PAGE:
Thinking on Exit Slips

My school recently had a full day PD with author Ron Ritchhart, author of “Making Thinking Visible.” It was a great PD, and I really wanted to incorporate some of his concrete activities into my practice. One of them having student complete this prompt:

“I used to think ________________________________

but now I think _________________________________”

I wasn’t sure at first where to incorporate it in my class. Then, I decided to use it as an exit ticket. I did this with my seventh graders, after a week of studying rates and ratios. Here are some of the responses:

  • I used to think I couldn’t do them and they were too hard. Now I think I can do them and they’re aren’t that hard!
  • I used to think there was only one way to solve ratios, but now I know there are multiple ways to solve these problems.
  • I used to think that ratios were made up of only two numbers. Now I think there has to be at least two numbers.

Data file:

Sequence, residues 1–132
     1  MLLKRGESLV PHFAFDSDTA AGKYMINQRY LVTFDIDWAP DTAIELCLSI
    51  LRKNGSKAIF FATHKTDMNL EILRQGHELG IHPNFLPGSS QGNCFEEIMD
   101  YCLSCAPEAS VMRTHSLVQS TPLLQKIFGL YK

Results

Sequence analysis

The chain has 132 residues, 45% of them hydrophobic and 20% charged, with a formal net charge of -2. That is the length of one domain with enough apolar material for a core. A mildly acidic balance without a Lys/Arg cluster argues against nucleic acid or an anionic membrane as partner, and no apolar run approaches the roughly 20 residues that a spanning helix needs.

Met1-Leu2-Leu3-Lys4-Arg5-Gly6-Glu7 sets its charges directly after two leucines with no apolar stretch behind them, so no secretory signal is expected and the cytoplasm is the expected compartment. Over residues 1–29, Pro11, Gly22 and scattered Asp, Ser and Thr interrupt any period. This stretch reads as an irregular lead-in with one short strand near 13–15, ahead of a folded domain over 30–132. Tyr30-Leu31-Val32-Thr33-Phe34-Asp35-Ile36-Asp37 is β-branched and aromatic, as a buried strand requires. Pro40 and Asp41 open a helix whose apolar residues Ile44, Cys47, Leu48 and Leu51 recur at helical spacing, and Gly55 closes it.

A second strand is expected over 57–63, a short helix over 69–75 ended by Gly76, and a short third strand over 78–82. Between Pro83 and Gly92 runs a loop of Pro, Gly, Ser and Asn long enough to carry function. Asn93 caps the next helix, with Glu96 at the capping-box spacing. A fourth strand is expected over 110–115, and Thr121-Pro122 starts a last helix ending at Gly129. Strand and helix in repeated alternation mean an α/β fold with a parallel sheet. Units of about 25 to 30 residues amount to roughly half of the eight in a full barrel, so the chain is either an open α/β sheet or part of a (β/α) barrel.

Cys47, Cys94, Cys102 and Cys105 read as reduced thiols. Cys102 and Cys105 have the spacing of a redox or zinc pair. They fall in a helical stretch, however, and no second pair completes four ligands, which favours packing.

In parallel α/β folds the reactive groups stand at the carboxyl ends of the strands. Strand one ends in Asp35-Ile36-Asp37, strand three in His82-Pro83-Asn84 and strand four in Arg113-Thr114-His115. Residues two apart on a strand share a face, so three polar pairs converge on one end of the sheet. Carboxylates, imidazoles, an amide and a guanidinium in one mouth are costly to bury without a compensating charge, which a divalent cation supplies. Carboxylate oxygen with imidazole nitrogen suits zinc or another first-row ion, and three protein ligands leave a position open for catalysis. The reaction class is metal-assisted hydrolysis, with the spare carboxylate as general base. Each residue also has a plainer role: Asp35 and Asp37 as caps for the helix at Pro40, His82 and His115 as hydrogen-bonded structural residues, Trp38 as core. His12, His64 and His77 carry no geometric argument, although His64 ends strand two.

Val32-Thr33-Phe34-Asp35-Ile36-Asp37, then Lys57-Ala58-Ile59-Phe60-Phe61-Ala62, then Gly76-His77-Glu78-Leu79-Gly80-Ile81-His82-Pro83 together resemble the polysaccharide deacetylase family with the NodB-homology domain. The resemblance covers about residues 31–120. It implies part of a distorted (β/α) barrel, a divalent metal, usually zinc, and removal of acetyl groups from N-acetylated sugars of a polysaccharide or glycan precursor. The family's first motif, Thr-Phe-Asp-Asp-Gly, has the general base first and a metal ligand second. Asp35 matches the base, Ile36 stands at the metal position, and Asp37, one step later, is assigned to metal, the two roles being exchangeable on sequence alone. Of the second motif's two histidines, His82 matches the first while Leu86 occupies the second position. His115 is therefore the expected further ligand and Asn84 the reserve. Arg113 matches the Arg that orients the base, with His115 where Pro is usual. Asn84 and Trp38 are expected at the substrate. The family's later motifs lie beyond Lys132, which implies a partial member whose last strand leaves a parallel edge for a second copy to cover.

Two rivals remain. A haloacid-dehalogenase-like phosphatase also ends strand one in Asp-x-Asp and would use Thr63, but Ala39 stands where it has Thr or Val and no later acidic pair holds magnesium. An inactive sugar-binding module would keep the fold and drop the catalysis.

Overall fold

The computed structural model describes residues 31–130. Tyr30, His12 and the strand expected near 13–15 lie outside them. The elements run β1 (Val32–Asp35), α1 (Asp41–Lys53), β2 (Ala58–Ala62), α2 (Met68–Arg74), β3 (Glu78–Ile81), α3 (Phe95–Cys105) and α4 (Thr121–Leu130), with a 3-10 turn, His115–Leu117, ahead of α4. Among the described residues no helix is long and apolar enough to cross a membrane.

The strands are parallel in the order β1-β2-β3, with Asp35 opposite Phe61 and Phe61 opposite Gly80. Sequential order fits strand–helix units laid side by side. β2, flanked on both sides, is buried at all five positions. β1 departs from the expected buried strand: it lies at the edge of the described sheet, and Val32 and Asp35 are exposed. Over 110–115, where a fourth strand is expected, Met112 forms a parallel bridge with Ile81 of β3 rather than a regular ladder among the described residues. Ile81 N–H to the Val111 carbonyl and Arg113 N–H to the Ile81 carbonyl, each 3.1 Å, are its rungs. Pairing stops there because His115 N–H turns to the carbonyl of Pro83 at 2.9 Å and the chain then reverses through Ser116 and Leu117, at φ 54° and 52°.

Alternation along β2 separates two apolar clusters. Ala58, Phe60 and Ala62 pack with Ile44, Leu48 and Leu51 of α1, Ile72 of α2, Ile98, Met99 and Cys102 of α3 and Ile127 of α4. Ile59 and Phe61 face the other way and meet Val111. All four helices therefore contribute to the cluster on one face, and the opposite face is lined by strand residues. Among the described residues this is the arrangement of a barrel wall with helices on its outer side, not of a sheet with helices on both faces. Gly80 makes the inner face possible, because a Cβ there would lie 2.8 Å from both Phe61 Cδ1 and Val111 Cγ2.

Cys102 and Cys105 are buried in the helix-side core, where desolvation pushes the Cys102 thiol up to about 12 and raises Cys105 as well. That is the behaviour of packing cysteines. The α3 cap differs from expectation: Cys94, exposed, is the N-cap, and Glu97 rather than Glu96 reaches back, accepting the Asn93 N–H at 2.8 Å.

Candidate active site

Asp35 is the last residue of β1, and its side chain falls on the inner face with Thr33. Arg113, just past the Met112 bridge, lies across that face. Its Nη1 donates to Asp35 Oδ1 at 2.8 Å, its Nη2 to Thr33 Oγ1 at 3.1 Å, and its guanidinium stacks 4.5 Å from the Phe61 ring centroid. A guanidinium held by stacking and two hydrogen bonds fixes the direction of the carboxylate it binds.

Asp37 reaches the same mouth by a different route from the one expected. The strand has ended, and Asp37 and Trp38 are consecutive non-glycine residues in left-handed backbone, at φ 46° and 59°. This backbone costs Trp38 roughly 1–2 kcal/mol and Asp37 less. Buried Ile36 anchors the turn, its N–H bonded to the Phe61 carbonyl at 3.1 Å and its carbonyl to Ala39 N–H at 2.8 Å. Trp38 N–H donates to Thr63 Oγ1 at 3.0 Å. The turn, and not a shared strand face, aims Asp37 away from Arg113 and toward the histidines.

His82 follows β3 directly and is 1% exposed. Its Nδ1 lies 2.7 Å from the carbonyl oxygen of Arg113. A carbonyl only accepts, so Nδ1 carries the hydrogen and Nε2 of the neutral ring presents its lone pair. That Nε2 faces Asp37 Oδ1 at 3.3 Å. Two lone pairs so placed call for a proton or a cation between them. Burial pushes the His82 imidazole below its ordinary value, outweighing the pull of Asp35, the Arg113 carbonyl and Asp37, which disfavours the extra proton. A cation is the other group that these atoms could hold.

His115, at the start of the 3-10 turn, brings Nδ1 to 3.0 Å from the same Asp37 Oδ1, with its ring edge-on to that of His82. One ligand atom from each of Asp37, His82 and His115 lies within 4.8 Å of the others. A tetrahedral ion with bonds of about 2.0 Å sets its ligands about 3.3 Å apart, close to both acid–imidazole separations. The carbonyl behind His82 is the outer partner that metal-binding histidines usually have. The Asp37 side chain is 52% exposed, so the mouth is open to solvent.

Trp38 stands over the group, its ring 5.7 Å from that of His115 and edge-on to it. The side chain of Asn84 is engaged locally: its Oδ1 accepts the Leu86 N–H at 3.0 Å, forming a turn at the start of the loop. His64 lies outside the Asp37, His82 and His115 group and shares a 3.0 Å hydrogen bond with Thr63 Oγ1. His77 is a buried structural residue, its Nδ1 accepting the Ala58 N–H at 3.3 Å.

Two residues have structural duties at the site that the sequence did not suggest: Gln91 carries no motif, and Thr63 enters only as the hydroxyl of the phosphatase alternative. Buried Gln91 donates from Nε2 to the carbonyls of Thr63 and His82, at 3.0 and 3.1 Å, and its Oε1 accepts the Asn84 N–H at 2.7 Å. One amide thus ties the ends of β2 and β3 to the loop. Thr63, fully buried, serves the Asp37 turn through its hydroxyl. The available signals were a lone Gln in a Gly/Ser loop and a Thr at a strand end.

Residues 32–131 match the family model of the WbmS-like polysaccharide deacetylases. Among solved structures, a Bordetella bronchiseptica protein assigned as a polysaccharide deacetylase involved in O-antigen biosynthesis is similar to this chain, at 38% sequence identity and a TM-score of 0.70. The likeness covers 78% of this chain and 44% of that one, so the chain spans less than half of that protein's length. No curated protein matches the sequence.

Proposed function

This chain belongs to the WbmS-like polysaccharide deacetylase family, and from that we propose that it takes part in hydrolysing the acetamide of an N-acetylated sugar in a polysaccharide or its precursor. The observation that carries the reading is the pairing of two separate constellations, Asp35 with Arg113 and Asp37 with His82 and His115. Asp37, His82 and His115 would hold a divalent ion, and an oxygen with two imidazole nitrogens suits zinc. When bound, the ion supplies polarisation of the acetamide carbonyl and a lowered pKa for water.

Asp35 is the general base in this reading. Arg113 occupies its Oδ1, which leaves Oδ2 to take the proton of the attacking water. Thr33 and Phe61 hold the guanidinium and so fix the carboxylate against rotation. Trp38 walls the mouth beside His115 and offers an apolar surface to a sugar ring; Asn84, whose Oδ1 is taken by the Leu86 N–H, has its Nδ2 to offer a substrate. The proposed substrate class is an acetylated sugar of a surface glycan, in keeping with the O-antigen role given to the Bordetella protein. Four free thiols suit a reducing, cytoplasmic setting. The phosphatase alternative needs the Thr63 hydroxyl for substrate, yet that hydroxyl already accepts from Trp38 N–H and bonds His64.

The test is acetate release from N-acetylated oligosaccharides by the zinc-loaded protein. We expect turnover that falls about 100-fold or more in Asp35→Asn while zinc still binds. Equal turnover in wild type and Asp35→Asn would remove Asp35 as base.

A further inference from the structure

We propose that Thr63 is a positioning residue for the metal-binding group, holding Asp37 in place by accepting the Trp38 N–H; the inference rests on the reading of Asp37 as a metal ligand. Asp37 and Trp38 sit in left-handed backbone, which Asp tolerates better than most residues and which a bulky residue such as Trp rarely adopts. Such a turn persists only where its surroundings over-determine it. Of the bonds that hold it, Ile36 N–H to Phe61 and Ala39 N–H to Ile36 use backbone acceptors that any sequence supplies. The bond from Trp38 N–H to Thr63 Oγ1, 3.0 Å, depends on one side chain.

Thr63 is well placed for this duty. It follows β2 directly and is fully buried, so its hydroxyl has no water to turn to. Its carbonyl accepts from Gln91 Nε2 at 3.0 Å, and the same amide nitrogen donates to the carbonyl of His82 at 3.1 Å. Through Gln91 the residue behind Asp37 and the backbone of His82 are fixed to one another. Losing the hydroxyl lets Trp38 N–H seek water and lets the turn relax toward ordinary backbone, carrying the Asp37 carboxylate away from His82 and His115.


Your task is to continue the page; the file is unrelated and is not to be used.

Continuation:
I loved these responses better than giving them some random ratio problem as the exit slip because I got to see more of their understanding and thinking, and what I loved even more is through this honest sharing, students were clear if they were still lost. One student wrote

  • I used to think ratios were hard. Now I think they are still hard, maybe getting a little better.

I’ve found that when I give an exit slip problem to solve, students do really well, probably because they have mastered the ability to copy some technique I displayed in class. However, seeing that they got a problem correct on an exit slip doesn’t always clearly tell me who is struggling and who is not.

To push this further, to show how much I value their thinking, I added a spot on my wall where I hung a bunch of these index card exit slips under the title “Our Current Thinking on Ratios…”

I’m thinking in the future I will only do exit slips that involve thinking routines like this. I feel like I gained so much more!


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